The Massachusetts settlers learned sugaring from the Indians, who collected sap in hollowed-out logs and steamed away the water by dropping in hot stones. Today, the commonwealth produces about 50,000 gallons of maple syrup each year, almost all of it sold within state. Depending on the sweetness of the sap, it can take anywhere from 25-75 gallons of raw sap to make a gallon of finished syrup. Each tap into a tree will yield about 10 gallons of slightly sweet sap over a period of the 4-5 week sugaring season. This 10 gallons of sap, when boiled down, will yield approximately one quart of finished maple syrup.
Keith Dufresne's Sugar House has been making maple syrup for four generations, starting in Canada with his great-grandfather. The Dufresne operation has expanded to include taps in almost 7,000 maple trees. During the season, between 40 and 60 cords of wood are burned to boil the sap into syrup. Since one person can handle about two cords of wood per day, you can get an idea of how labor intensive maple syrup can be.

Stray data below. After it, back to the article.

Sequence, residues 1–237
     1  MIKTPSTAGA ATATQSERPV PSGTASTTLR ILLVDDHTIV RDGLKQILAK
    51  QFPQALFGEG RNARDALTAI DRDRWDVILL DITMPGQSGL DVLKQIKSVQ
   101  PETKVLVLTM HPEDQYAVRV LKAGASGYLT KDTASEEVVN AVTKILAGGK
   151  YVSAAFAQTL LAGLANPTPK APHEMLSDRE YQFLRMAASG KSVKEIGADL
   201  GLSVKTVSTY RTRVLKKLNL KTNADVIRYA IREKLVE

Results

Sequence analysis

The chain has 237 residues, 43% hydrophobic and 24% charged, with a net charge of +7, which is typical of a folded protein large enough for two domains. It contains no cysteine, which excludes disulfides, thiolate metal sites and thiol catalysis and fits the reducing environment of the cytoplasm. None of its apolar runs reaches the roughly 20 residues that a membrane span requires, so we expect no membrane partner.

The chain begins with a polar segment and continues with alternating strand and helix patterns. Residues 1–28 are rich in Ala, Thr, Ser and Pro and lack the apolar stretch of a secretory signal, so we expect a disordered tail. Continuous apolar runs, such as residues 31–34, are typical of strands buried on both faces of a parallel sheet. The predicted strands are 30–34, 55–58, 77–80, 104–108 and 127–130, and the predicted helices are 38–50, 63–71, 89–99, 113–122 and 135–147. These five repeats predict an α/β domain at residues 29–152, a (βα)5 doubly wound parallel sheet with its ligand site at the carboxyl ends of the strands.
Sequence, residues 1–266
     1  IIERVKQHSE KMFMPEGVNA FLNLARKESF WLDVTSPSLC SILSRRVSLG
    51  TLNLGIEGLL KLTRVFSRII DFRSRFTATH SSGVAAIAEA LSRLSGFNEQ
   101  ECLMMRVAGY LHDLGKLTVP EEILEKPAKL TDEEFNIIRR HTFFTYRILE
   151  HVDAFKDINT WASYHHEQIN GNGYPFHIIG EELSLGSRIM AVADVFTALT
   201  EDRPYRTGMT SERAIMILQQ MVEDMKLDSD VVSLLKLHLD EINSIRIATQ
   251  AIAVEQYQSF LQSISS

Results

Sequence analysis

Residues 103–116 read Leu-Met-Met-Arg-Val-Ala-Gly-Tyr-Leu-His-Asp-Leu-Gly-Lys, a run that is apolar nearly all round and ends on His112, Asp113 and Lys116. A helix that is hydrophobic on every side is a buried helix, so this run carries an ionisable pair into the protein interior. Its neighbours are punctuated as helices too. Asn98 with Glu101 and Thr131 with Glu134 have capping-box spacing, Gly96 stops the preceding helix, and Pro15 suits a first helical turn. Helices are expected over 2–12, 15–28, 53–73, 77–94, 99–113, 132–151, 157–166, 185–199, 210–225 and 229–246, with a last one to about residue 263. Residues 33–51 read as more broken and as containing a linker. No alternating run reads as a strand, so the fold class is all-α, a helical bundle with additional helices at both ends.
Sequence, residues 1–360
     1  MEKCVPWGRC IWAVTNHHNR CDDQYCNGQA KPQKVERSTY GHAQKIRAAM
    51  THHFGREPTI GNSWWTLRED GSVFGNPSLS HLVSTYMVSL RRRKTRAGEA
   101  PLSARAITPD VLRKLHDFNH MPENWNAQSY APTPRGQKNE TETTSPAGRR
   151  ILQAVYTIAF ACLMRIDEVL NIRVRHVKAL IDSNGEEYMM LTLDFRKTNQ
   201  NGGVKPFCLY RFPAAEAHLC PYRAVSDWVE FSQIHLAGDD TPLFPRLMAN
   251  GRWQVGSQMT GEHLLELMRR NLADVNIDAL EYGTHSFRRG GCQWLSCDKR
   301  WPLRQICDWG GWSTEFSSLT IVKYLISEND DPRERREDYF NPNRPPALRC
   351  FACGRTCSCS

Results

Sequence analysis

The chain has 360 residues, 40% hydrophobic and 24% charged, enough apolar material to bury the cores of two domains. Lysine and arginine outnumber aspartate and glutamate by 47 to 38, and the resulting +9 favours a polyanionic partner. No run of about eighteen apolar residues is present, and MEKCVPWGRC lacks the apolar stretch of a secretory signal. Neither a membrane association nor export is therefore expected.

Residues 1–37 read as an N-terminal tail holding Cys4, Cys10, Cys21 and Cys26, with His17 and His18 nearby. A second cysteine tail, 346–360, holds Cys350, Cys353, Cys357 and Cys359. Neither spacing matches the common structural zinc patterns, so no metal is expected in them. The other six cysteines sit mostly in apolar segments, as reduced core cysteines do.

Keith's grandfather and father made syrup in Hawley, Ma until his father went off to war in 1941. In 1982, Keith purchased land in Williamsburg, MA. They set 300 sap buckets, but soon realized there was a better way and switched to tubing. With 550 taps, they could make 110 gallons of syrup. They are now up to 1,000 gallons and are switching from flexible to rigid tubing which can safely stay in the woods year round. Each tap still has to be handled three times per season. It starts when the new tap hole is drilled and the tap inserted into the tree. Then at cleaning time, each spout is removed and water is run through it. Finally, each spout and drop line has to be drained and plugged up until next season. Between forest upkeep, collecting wood to burn, maintaining the tubing system, repairing animal damage and then actually making the maple syrup, "sugaring" is quite a full time, year-round job.